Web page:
When my son was little, my wife got a call from his teacher. She was “very concerned” and wanted to schedule a parent-teacher conference right away. Of course we were very concerned too and rushed to the school, terrified of what we’d find out. Finally, after what seemed like hours of agonizing pleasantries, Danny’s teacher got to the point:
“Last week we did a Father’s Day project and I asked the kids what their dads did for a living. Your son said ‘my dad travels. He’s never home.’”
While it’s true that I do travel for business, it’s not true that I was never home. Still, that’s the way my six-year-old saw it – and perception is reality.
This morning I met my friend Alex Fraser for coffee. After I introduced him to another friend as “the most involved father I know,” Alex told me the exact same story except this time it was his daughter Micah and her teacher who were concerned about how much time Alex spends at work.
Funny thing is that Alex spends more time with his daughter than anyone except maybe retired or unemployed dad who is home all the time. And when it’s time for her to go to private school and then on to college, Micah’s going to be real glad her dad was busy building a successful business and earning enough money to pay her tuition.
It’s not a matter of work life balance. It’s a matter of doing what needs to be done. Work life balance is bullshit.
Want to spend more time with your family? Work less. Want to spend more money? Work harder (or smarter).
Want both? That’s simple too. Just figure out how to earn more or how to desire less.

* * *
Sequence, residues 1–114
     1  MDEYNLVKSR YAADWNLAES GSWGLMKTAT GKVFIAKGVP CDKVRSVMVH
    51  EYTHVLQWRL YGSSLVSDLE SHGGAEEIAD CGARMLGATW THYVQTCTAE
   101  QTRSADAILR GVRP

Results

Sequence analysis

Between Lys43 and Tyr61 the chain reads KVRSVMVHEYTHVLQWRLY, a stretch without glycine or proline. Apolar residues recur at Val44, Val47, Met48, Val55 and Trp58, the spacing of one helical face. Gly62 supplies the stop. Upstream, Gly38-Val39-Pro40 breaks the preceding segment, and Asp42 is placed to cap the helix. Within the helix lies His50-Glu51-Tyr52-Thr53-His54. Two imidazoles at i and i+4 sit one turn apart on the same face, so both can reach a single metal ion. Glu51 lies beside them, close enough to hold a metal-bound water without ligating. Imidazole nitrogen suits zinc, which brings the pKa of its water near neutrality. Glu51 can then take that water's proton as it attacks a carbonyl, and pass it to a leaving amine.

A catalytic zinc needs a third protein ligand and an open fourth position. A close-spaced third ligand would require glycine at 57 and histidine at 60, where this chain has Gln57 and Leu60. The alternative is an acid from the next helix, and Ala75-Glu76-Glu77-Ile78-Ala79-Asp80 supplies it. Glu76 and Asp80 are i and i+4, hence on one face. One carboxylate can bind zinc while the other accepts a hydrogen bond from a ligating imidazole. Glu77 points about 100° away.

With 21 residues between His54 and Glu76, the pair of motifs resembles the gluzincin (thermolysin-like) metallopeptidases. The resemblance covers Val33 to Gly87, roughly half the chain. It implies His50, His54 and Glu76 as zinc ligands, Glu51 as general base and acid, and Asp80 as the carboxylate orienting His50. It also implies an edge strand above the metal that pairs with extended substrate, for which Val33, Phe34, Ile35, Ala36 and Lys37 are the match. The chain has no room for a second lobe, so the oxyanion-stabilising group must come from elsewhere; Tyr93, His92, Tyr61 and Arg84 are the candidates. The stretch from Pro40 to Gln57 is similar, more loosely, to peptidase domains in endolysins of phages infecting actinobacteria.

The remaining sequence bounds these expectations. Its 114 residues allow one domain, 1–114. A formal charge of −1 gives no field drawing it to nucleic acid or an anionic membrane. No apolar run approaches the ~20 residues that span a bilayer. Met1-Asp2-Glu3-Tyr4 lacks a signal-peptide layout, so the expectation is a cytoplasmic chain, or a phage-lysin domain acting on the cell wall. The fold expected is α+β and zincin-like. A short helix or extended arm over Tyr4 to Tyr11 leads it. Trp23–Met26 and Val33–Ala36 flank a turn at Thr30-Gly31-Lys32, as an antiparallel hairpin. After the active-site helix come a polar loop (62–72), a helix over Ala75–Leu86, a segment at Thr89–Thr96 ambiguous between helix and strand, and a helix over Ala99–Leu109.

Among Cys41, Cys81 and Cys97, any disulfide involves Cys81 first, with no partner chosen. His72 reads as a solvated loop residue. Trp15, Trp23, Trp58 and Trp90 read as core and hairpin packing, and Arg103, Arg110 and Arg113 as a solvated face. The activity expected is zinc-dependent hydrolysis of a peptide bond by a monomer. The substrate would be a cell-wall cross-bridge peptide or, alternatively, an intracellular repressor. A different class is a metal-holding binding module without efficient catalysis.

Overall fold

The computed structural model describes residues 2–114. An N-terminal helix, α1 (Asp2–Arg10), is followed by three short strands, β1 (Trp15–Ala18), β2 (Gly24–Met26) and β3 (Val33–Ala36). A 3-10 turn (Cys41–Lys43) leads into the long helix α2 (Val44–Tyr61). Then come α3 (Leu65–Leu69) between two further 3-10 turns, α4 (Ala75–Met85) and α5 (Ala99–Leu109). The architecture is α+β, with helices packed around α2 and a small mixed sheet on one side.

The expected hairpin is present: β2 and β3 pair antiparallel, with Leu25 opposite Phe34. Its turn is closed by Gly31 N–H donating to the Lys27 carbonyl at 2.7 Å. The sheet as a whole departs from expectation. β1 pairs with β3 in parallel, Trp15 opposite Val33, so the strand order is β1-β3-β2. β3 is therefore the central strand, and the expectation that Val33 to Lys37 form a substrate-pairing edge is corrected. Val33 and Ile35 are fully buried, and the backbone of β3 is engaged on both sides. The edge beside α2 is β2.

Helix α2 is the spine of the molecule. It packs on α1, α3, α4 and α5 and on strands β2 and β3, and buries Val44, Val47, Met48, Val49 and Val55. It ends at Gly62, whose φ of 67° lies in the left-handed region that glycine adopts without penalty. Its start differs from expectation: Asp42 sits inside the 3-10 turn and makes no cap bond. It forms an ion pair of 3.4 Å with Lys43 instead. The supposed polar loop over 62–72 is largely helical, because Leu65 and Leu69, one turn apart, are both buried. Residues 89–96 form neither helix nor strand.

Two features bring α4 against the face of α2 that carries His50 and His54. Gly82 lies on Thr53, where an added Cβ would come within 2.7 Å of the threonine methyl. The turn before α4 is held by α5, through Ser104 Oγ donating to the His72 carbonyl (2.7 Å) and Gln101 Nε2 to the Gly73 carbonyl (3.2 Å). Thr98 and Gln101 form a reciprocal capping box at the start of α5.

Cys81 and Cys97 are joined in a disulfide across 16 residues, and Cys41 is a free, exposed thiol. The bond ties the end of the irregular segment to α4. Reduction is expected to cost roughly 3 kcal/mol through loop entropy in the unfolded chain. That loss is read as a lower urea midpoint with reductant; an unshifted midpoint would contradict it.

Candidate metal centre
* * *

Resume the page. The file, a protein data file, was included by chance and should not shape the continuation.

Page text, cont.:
Don’t have enough time to work out? Get up earlier.
Too tired to get up earlier? Go to bed earlier.
Too busy to go to bed earlier? Turn off the TV or log off of Facebook.
Ah… it’s simple but it’s not easy. And it’s not what most people want to hear, but it’s the truth. There is no balance – there is only deciding what’s important to you and moving toward it. There are only priorities.
Of course I’m talking about parents like Alex who are smart, talented, and educated and don’t have issues or disabilities standing in their way. But even with all his advantages, Alex understands that while it would be nice if work could always be fulfilling and not interfere with other parts of his life, work is first and foremost about accomplishing something worthwhile and being paid for the results.
Maybe that’s why I’m always surprised when I get automatic Out Of Office (OOO) responses to my emails. Sure I understand when people are truly away from their electronic devices for vacation, focus, or for a break from the constant “ping, ping, ping” of their iPhones and Androids. But nothing is more detrimental to work time productivity than returning to your desk and sitting down to hundreds of unreturned emails after posting an OOO memo for some much needed me-time.
So as we look for new ways to deal with the new 24/7, always-on world we live in, the search for balance is a 21st century snipe hunt. Most work life balance advice includes well-meaning but worthless practices such as sending OOO notices and using LinkedIn for business communication and Facebook for personal updates. But instead, by combining work and life into one comprehensive package of who you really are, you can be both more productive and more present at the same time.